What Supervisory Board Members Should Know

July 29, 2019

5 tips to help make their work even more effective

Qualified supervisory board members are nowadays considered a key factor when it comes to preventing corporate bankruptcies and even economic crises caused by negligence from happening. The supervisory job is a demanding one that requires not only foresight and technical expertise but in particular also good social skills.

In the following, Prof. Werner Hoffmann, Academic Director of the WU Executive Academy's Governance Excellence program and Head of WU Vienna's Institute for Strategic Management, analyzes the biggest challenges that supervisory-board members need to respond to today, and shares his very personal tips on how to successfully accomplish this demanding task.

What supervisory-board members should know

The Biggest Challenges Facing Supervisory Board Members:

Ensuring that there is a business model with a promising future that takes into account the far-reaching opportunities and risks associated with digitization.
Technological change is throwing into question many established business models (disruption). Some companies even have to redefine their raison d'être (purpose, mission, vision). In this context, digitization should much more be seen and used as an opportunity to solve problems experienced by customers in better and cheaper ways than has hitherto been the case.

Putting together the right team of top-level executives and incentivizing them in an appropriate manner.
“Strategy follows people” - no other task for which the supervisory board holds direct operational responsibility has a greater impact on the future and the future success of a company than that of selecting and incentivizing management. What matters in this regard is not only to fill vacant management positions with the right people but in particular also to keep an eye on the right mix of qualifications, experience and personal qualities on the board as a whole. At the end of the day, the crucial thing is not the individual board member but how well top management functions as a team. Incentivizing people in the right manner, i.e. in a way that is in line with the corporate strategy and rewards sustainable success, is also becoming increasingly important in this context.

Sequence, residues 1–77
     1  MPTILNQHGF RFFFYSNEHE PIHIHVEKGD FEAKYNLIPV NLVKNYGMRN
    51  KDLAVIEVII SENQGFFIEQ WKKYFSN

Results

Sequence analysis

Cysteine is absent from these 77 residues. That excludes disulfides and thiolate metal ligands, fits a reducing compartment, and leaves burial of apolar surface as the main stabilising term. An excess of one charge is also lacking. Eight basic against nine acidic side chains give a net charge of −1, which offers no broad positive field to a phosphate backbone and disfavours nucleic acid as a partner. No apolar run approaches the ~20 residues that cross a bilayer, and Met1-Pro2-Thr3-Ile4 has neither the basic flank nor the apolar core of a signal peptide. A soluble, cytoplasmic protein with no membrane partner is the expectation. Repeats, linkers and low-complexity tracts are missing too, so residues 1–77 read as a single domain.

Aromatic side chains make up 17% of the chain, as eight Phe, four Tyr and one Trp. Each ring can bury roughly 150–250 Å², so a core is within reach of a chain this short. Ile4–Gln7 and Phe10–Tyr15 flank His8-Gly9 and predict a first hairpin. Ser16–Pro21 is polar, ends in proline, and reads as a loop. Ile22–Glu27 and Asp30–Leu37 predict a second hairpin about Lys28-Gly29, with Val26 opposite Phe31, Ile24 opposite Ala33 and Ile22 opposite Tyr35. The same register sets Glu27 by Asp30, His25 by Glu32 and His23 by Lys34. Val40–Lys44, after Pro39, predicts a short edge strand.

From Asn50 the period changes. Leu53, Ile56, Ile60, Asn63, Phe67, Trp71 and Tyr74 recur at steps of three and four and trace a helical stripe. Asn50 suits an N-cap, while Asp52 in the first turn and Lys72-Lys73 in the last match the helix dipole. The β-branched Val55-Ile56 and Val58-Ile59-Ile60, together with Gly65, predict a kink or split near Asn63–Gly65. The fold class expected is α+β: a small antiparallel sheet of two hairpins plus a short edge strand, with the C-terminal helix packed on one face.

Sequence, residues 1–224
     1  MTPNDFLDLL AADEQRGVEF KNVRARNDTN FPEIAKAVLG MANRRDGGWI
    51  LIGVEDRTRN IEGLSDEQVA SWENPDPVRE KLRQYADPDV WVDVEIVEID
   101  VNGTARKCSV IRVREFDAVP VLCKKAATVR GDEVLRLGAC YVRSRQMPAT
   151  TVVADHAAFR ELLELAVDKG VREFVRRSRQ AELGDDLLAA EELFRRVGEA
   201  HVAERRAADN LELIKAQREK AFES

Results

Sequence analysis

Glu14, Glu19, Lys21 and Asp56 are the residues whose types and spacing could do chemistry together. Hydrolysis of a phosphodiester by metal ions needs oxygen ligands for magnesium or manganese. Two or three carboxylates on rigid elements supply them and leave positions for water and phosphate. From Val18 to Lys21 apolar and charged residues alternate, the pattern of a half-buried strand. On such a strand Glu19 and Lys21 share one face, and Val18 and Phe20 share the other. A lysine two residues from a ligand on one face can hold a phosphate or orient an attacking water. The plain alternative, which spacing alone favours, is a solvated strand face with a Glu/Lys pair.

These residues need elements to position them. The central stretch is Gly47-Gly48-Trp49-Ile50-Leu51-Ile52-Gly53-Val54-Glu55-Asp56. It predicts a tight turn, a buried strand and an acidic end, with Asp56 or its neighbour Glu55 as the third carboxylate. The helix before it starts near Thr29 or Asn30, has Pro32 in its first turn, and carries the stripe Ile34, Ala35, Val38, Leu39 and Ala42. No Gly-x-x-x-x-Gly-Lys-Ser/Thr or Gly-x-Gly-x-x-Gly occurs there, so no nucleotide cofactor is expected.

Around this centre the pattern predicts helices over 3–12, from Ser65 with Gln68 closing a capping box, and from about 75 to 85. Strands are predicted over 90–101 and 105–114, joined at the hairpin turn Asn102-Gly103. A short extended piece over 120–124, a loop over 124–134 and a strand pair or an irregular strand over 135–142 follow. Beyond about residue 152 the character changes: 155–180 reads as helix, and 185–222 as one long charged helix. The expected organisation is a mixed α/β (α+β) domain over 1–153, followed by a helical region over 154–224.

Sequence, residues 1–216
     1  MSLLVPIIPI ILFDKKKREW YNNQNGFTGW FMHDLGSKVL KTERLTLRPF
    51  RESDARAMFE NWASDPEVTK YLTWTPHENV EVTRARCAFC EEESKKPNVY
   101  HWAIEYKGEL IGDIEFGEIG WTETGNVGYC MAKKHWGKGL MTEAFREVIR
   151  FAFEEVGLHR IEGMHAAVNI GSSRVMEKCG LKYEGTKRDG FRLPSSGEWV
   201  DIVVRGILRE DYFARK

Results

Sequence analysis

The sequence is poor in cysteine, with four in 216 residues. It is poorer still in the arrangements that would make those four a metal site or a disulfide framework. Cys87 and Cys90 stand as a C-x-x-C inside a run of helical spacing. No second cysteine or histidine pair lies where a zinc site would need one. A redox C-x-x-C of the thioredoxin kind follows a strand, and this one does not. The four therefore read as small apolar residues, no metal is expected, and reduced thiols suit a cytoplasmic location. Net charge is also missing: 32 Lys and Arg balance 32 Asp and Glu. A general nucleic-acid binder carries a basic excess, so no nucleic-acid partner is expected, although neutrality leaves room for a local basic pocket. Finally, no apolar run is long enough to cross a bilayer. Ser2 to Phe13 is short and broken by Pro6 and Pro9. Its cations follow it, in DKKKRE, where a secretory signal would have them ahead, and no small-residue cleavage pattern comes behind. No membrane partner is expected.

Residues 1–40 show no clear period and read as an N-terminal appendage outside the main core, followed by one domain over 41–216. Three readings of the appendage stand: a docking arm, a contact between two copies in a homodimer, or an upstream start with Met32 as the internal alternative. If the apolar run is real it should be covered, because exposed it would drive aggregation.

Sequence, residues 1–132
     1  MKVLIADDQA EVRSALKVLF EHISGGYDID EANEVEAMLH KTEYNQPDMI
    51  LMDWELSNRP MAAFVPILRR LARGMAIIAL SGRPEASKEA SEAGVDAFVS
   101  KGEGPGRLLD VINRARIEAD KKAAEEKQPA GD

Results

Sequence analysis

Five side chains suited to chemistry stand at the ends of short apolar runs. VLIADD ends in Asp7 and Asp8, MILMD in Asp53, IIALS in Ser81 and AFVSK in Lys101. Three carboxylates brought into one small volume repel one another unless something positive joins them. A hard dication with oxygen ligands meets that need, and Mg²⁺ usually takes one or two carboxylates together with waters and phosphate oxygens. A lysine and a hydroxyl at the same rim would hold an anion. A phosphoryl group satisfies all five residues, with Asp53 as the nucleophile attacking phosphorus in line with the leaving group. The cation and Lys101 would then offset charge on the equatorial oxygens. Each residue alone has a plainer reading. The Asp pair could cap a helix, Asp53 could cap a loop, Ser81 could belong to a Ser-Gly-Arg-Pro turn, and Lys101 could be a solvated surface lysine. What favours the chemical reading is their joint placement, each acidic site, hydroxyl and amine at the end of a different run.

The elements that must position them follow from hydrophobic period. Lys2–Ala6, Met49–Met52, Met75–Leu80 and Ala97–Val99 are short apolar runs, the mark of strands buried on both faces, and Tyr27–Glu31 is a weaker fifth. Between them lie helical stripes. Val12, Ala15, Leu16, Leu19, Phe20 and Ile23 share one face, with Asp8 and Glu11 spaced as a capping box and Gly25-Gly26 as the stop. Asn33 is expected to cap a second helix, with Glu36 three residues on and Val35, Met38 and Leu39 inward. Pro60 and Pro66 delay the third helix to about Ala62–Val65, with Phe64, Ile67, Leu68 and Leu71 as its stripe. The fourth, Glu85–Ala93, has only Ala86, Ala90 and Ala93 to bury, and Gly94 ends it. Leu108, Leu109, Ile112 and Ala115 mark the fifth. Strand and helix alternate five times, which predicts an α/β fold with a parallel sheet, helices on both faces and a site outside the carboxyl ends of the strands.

Making sure that there is a systematic approach to corporate risk management that reflects business opportunities and risks in a well-balanced manner.
Preventing corporate crises and bankruptcies from happening is often regarded as one of the key tasks of supervisory boards. In order to be able to meet this challenge, supervisory-board members need to ensure that companies establish a corporate risk management system that identifies, evaluates and links business risks and opportunities (!) and initiates and follows up adequate management activities. What is important in this context is to avoid a one-sided focus on risks and to define an appropriate level of “risk appetite”, always keeping in mind that taking calculated risks is part and parcel of doing business.

Organizing the work on the supervisory board effectively - turning a group of individuals into a team characterized by mutual trust and close cooperation.
Not only management but also the supervisory board should increasingly be regarded as a team. Supervisory boards will be particularly effective and efficient when their members trust one another and the work on the board is organized (distributed and coordinated) in an efficient manner. Making this happen is certainly one of the most important tasks of the supervisory-board chair.

Systematically increasing the effectiveness of the supervisory board's work through regular internal and external evaluations as well as education and training designed around the specific needs of board members.
The process of evaluating the supervisory board should not be perceived as a bureaucratic nuisance; rather, it should be seen and used as an opportunity to systematically reflect on the efficiency and effectiveness of the board's work. Bringing in external experts who act as moderators and providers of know-how on an equal footing (“peers”) can significantly increase the quality and usefulness of evaluations. Moreover, the members of the supervisory board should be provided with targeted education and training on a regular basis so as to ensure that they are abreast of regulatory requirements and the latest developments in all areas relevant to corporate supervision.

Werner Hoffmann's 5 Personal Success Tips for Supervisory Board Members:

  • Instruct management to thoroughly address, as part of the next strategic review, the impact of digitization on the company’s business model(s) and to make suggestions for business-model innovation.
  • Do strategic succession planning for top-level executive positions so that in addition to the individual qualifications and requirements the right mix on the management board (its complementary make-up) is also taken into account.
  • Ensure that the company has a systematic, institutionalized corporate risk management system that considers not only risks but also business opportunities. (It is important to keep in mind that risk management, understood properly, goes far beyond internal control.)
  • The chairperson needs to pay special attention to the make-up of and the teambuilding on the supervisory board.
  • At least every three years, a professional evaluation of the supervisory board's work should be carried out by external experts or peers in order to obtain important input for the further development of supervisory activities.

For more information about the Governance Excellence program, please click here.

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